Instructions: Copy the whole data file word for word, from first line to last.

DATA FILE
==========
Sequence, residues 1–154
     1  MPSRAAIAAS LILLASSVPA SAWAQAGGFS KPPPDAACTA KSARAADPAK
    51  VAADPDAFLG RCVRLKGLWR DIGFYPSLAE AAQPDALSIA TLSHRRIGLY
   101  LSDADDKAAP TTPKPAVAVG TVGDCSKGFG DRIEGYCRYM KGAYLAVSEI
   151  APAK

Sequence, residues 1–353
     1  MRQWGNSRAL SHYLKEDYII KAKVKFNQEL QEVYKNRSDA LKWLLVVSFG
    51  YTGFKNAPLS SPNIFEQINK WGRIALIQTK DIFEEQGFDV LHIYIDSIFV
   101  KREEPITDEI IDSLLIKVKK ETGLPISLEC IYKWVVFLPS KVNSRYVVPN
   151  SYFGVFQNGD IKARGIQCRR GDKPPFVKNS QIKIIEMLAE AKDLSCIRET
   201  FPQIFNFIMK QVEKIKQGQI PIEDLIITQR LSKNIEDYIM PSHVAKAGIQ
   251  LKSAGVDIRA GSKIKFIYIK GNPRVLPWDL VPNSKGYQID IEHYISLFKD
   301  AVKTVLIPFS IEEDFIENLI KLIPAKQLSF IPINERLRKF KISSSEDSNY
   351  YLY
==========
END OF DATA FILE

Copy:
Sequence, residues 1–154
     1  MPSRAAIAAS LILLASSVPA SAWAQAGGFS KPPPDAACTA KSARAADPAK
    51  VAADPDAFLG RCVRLKGLWR DIGFYPSLAE AAQPDALSIA TLSHRRIGLY
   101  LSDADDKAAP TTPKPAVAVG TVGDCSKGFG DRIEGYCRYM KGAYLAVSEI
   151  APAK

Sequence, residues 1–353
     1  MRQWGNSRAL SHYLKEDYII KAKVKFNQEL QEVYKNRSDA LKWLLVVSFG
    51  YTGFKNAPLS SPNIFEQINK WGRIALIQTK DIFEEQGFDV LHIYIDSIFV
   101  KREEPITDEI IDSLLIKVKK ETGLPISLEC IYKWVVFLPS KVNSRYVVPN
   151  SYFGVFQNGD IKARGIQCRR GDKPPFVKNS QIKIIEMLAE AKDLSCIRET
   201  FPQIFNFIMK QVEKIKQGQI PIEDLIITQR LSKNIEDYIM PSHVAKAGIQ
   251  LKSAGVDIRA GSKIKFIYIK GNPRVLPWDL VPNSKGYQID IEHYISLFKD
   301  AVKTVLIPFS IEEDFIENLI KLIPAKQLSF IPINERLRKF KISSSEDSNY
   351  YLY